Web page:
Keep the language simple and to the point

The general rule of thumb here is it to write like you speak. If you’re not a lawyer, don’t act like it. Use verbiage your customers can relate to, and feel free to give your return policy some personality. So long as it's clear, concise and not open for interpretation, you’re good to go.

Filling your return policy with complicated language and/or legal jargon will only confuse your customers and lead to an increase in service requests. This costs time and money that could have easily been saved by having an awesome return policy in place.

Disclose any fees associated with returns

When a shopper wants to return an item they’ve purchased in your store, who will cover the cost of return shipping, restocking, etc.? Things like this need to be clearly defined in your return policy.

There's nothing worse, from a consumer's perspective, than receiving a product you don't like only to find out that you have to pay out of pocket to send it back.

If you expect your customers to assume financial responsibility for returned items, make sure this is clearly spelled out inside your policy. Failing to do so will create a gaggle of upset customers armed with keyboards ready and Twitter accounts wide open.

Promote your policy

A return policy is only as good as its visibility. If no one can find it, then it doesn’t exist, and that spells trouble for online owners.

It’s always a good idea to feature your return policy on the homepage of your website. The footer is a popular spot for this and some even like making it a part of the checkout process.

In addition to homepage placement, we suggest you do the following two things. First, include a printed copy of your return policy inside every package you ship. Second, feature your policy inside the purchase-confirmation email you send to customers.



One last thing…

Think of your return policy as an extension of your company. It should represent your business' core philosophies, attitude and tone. Your return policy could very well be the most-read document on your website. It’s not just a way of explaining your return requirements and process, but also a means of making a good impression.

When creating your company's return policy, take your time and come up with a game plan. In other words, map out what you want to do before doing it. Brainstorm ideas, do some research, write a few drafts and ask for advice. Read the return policies of successful businesses and look at return policy templates. Take what you’ve learned and use it to create an awesome return policy that fits your business.

When all things are said and done, you'll be left with a policy that will save you time and money, and who on this planet couldn't use a little more of both?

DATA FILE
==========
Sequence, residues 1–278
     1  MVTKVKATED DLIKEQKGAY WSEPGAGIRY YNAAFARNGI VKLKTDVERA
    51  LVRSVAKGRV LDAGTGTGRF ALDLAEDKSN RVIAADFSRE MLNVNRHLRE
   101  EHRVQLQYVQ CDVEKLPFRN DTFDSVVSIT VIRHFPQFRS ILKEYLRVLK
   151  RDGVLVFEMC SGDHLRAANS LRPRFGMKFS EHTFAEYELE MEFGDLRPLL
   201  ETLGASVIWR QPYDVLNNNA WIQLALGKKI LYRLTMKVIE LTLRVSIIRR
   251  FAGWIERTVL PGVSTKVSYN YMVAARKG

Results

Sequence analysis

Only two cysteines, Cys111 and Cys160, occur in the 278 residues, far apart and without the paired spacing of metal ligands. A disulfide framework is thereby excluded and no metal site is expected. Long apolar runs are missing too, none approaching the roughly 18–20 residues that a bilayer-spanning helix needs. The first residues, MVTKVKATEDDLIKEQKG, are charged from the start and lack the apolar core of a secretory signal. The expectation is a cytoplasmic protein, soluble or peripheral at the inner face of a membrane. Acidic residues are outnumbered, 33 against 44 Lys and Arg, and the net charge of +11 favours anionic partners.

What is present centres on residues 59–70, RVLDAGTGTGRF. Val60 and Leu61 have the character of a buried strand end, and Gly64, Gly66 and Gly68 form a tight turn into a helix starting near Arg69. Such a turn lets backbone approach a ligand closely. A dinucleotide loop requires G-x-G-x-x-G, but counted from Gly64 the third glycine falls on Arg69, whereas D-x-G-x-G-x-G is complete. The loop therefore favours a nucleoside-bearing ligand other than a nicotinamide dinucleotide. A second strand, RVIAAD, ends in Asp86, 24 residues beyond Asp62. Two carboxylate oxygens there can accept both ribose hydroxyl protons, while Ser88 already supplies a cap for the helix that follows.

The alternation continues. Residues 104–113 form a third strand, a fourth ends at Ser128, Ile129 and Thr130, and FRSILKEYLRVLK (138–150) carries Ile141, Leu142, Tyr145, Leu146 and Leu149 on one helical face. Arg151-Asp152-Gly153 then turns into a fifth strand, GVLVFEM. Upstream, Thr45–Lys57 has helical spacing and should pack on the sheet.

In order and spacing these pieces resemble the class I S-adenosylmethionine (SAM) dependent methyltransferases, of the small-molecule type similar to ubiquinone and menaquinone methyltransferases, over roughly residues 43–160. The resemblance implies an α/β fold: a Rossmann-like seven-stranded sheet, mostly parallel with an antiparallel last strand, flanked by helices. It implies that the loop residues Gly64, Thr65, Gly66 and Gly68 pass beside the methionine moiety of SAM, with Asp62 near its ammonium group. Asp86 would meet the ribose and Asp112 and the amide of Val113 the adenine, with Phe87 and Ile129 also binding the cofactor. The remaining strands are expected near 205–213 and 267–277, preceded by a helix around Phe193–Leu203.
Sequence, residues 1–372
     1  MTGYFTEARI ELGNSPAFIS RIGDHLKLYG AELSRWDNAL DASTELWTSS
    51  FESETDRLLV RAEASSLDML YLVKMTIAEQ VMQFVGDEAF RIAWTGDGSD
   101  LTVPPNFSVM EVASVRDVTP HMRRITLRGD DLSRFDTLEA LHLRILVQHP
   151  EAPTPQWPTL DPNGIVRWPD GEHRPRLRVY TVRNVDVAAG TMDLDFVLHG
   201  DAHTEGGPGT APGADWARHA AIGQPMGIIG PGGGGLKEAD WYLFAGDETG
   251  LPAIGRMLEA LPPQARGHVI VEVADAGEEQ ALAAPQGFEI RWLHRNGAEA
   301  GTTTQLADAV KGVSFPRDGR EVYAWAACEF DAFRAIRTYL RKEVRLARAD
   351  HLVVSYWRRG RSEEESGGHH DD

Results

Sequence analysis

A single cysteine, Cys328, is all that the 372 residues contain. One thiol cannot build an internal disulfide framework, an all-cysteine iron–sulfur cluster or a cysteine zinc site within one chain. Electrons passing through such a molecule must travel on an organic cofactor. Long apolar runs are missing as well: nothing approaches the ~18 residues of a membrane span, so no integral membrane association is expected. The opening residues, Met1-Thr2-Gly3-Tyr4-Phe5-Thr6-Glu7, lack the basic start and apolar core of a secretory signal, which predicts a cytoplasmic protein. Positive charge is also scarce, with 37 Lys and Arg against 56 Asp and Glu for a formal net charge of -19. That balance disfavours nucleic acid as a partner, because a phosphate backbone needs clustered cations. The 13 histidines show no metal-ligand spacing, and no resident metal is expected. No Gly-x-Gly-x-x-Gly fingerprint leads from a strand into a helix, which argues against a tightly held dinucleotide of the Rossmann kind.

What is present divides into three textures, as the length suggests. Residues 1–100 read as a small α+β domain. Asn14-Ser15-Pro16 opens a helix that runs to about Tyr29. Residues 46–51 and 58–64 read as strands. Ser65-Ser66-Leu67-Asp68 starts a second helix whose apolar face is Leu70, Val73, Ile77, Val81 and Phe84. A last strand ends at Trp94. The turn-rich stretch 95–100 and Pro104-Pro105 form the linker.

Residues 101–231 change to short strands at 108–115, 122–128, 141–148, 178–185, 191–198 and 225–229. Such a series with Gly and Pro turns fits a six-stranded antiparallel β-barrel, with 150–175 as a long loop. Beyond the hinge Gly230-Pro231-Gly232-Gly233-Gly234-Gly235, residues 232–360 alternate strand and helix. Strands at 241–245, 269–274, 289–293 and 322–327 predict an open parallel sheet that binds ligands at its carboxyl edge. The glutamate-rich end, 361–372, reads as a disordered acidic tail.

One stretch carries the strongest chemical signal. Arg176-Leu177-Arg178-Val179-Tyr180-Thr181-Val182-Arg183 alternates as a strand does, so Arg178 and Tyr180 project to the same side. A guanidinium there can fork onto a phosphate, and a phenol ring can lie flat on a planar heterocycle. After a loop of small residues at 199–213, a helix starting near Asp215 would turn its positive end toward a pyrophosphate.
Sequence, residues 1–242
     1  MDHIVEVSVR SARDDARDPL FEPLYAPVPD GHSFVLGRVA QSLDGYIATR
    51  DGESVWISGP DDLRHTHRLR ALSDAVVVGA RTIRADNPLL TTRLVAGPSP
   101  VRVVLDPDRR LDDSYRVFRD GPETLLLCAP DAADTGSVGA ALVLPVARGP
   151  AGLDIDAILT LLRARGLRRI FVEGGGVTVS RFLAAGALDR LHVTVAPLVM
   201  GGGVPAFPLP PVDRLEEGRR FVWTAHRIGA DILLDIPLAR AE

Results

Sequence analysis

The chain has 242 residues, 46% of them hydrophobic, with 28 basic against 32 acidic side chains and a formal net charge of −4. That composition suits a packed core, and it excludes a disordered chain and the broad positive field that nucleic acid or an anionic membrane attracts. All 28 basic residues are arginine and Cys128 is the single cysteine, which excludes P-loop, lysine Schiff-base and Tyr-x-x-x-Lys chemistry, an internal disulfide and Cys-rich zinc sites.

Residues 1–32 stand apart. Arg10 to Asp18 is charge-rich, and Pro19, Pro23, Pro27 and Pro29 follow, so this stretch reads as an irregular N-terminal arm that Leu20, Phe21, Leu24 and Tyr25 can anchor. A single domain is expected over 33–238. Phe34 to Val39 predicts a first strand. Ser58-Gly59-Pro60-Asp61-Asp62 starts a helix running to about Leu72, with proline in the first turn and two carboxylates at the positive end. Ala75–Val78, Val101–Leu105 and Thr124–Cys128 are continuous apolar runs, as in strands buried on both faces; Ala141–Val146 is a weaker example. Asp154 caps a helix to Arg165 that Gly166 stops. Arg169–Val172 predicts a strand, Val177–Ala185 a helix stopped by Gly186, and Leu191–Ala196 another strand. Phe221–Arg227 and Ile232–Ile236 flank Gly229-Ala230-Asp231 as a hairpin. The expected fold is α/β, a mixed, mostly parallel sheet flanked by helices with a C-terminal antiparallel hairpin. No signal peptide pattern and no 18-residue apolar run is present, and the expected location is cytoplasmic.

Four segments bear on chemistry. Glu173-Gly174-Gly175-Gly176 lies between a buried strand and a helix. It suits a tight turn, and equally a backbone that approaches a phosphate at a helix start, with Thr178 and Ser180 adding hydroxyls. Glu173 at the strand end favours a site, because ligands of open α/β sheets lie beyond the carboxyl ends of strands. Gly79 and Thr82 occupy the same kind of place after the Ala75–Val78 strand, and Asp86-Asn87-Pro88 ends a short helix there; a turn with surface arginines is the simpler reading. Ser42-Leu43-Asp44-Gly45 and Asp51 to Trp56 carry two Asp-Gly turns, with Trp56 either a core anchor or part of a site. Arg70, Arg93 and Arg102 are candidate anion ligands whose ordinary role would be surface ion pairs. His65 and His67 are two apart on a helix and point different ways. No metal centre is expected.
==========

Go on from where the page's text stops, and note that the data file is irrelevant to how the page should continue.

Shift4Shop provides a great automated Return Policy Generator to help with this process. We’ve also written a free eBook that will help you handle returns like a champion — check it out below the FAQ.

Common questions about return policies

Why do customers return products and how can I stop them?
There are many reasons a customer might want to return a product, and while you can't prevent every single return, you can take countermeasures to make these returns less likely. Our Complete Guide to Processing Returns goes over several ways to directly reduce returns whenever possible.
My business is brand new and only serves a few customers. Do I really need a return policy?
Yes, you need a return policy no matter the size of your business. Very small businesses sometimes assume they can handle every return on a case-by-case basis, but there are a few reasons this is a bad idea. First, it allows inconsistency which could lead to some customers feeling as if they've been treated unfairly, especially in a community where they can compare their experiences. Second, it's not sustainable, since as soon as your business begins to grow, you can get overwhelmed by trying to handle returns in this fashion. Third, depending on your location, you may need a published return policy to legally operate.
Can a return policy help attract more customers?
Yes! A great return policy can help draw more customers to your store, and by "great" we don't mean it has to be overly permissive. Many customers look at a store's return policy before deciding to shop there, but they're not necessarily looking for an extremely forgiving policy (although some are). Mostly, they just want to know that the business has a clear, established method for processing returns, how they'll get their refund, and other information just in case. A well-written policy can help a customer decide to take the risk and buy from you, even if you're not promising unlimited returns.
How does an RMA system work?
An RMA system is software that allows you to set up a procedure for customers who want to make a return. They'll need to do it through the system and provide any information you request. This information can vary, but usually includes their return reason and more — and some RMA systems, like the one in Shift4Shop, let the customer upload images so you can see the condition of the item. The RMA is the central location for communications between you and the customer about the return, your tool for accepting or rejecting it, and a convenient interface for creating return labels, dispersing refunds, and receiving items back into your inventory.